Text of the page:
Book reviews, generally. All kinds of books are reviewed here,
though since my library is so large, I cannot get to all of them,
nor do I have the time to write extensive, detailed reviews. Most
of the reviews here are a paragraph or two in size: all I have
time for. Others, for books I liked very much, will be longer.
Books are embalmed minds, as Pope once said (er, I believe it
was him who said it: if not, he should have). They are
therefore to be feared by the tyrants of the world. Print a book,
and ones' body becomes obsolete: ones' ideas, opinions, hopes,
and dreams may then exist while the mortal body turns to dust.
Or they may not. It takes a good book to outlive its
creator (ignoring the crappy books published by fanatics, cults,
lunaticks, kooks, etc.). But what makes a good book?
What makes a good book depends in part, obviously, upon what the
reader considers a good book. One can be a damn fine writer, and
produce a damn fine book, but if no one is interested in what it
has to say, I wouldn't call it a good book. That is not to
say that popularity of itself makes a good bood, but it is one
sign that a book is good.
To be a good book, the creation must be entertaining, if the intent
of the author is to entertain; informative, if the author's intent was
to inform; instructive; enlightening; provocative. A good book must
achieve what the author intended: all too often I have read books
that achieved nothing--- they start from nowhere, wander aimlessly
for 185 pages or so, wind up nowhere (or worse, somewhere predictable
since page three), and invokes nothing in the reader. What a goddamned
waste of the reader's time!
Once, in a fit of unbridled angst, I took one chapter of a very,
very crappy book and rewrote it the way it should have
been written (I was arrogant in my youth). The original was
filled with strained metaphor, hacked prose, bludgeoned literary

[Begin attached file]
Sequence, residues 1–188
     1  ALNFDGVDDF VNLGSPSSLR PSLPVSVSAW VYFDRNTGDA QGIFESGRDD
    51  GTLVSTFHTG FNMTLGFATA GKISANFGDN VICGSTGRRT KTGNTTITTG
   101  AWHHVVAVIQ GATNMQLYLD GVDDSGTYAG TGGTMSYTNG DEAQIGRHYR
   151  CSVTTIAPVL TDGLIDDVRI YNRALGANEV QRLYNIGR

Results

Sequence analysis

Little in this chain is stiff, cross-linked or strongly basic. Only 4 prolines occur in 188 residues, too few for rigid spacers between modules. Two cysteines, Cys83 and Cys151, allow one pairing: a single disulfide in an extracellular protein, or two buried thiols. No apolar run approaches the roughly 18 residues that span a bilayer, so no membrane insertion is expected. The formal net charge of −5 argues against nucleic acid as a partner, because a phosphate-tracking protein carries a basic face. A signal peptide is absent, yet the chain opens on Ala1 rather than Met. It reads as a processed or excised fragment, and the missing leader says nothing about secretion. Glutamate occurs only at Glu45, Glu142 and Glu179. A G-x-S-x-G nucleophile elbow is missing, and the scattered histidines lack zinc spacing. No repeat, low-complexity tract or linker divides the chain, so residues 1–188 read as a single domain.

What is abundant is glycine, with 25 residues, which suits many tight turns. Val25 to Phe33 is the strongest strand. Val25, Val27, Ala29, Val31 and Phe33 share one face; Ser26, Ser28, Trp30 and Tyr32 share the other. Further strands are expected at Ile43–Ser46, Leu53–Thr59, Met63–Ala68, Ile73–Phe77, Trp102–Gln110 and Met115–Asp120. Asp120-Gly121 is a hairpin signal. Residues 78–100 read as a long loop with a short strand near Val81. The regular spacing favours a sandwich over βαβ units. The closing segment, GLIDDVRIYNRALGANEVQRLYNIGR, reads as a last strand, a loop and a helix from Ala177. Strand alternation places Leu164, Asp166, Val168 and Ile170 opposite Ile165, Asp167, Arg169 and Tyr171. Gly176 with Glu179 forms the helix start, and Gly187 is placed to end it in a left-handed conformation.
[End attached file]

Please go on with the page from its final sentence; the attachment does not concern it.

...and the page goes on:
devices, fatal incomplete sentences, and deceased, still-born
simile. I then sent the improved version to the author.
Naturally, I didn't hear from him (nor his lawer, thank the
gods), but one can hope he got the message. The bastard. It was
one of the few books I've ever thrown away, deemed unfit for
I like a lean book. It must say what it has to say, and
only what it has to say. Most authors have far too many
great ideas for one book, so they try to cram them in (the "See
How Clever And Creative I Am?" syndrome) when and where they do
not belong. I want to take them by the throat and scream at them
"Write one book at a time, damn you! Don't put six or seven in a
blender and pour out one!" The book Friday by Robert
Heinlein is one prime example: so is Job, by the same
author. (Or so it is claimed he wrote them: I have my doubts.)
- Hungry Eyes Terror with fortitude,
this novel is by Barry Hoffman. Not quite what I would call a book
from the "Horror Genre," but some reviewers consider it "horror."
- Christian Science A book by Mark Twian
about another horror, only this horror is real.
- Winning At 21 Concerning the Archer
Method: an Expert's Guide to Winning At Casino 21
- River out of Eden A Darwinian
view of life, by Richard Dawkins. Excellent essays on
- Wrinkles In Time Not to be
confused with the very famous book A Wrinkle In Time,
this book is about the final proof that confirms the Big
Bang as factual history. Written by George Smoot and Keay
- Motion to Suppress A legal
thriller by Pamela and Mary O'Shaughnessy (under their
pen name Perri O'Shaughnessy), this book has all it takes
to be a good read.
- Pastwatch The Redemption of
Christopher Columbus, By Orson Scott Card. What would the
world have been like without the greed and ambition of Columbus?
- Towing Jehovah By James Morrow. God
is dead. Now what to do with the body?
- The Power of Logical Thinking
Easy Lessons in the Art of Reasoning... and Hard Facts
About Its Absence in Our Lives. By Marilyn von Savant.
- Looking for a Miracle Weeping
icons, relics, stigmata, visions & healing cures. By Joe
Nickell. Do miracles exist? This book examines some claimed
- Pale Blue Dot A Vision of the
Human Future in Space. By Carl Sagan.
- Flood Tide A Dirk Pitt (r)
Novel by Clive Cussler.
- Big Secrets The Uncensored
Truth About All Sorts of Stuff You Are Never Supposed to Know.
- The Big Domino in the Sky and
other atheist tales. This book is fiction that explores common
fallacies usually found in theist apologetics.
- Assembly of Women Written by Aristophanes around c. 392 BCE, translated by Robert Mayhew, introduction by Robert Mayhew.
- Lilith, Darkness and Light #1 Written by D.A. Heeley.
- The Encyclopedia of Biblical Errancy This important new volume is the most comprehensive critique of the Bible ever written. McKinsey strives to tell both the good and bad of biblical writings with this thoroughly-researched expose of the Bible's errors, contradictions, and fallacies. McKinsey believes that it is important that the Bible's inadequacies and negative teachings be exposed.
- The Psychic Mafia By M. Lamar Keene, Allen Spraggett, LaMar Keene, Ray Hyman
- The Tomb of God The Body of Jesus and the Solution to a 2,000-Year-Old Mystery
- The Real Roswell Crashed Saucer Coverup Demolishing the Roswell 'Alien' Myth
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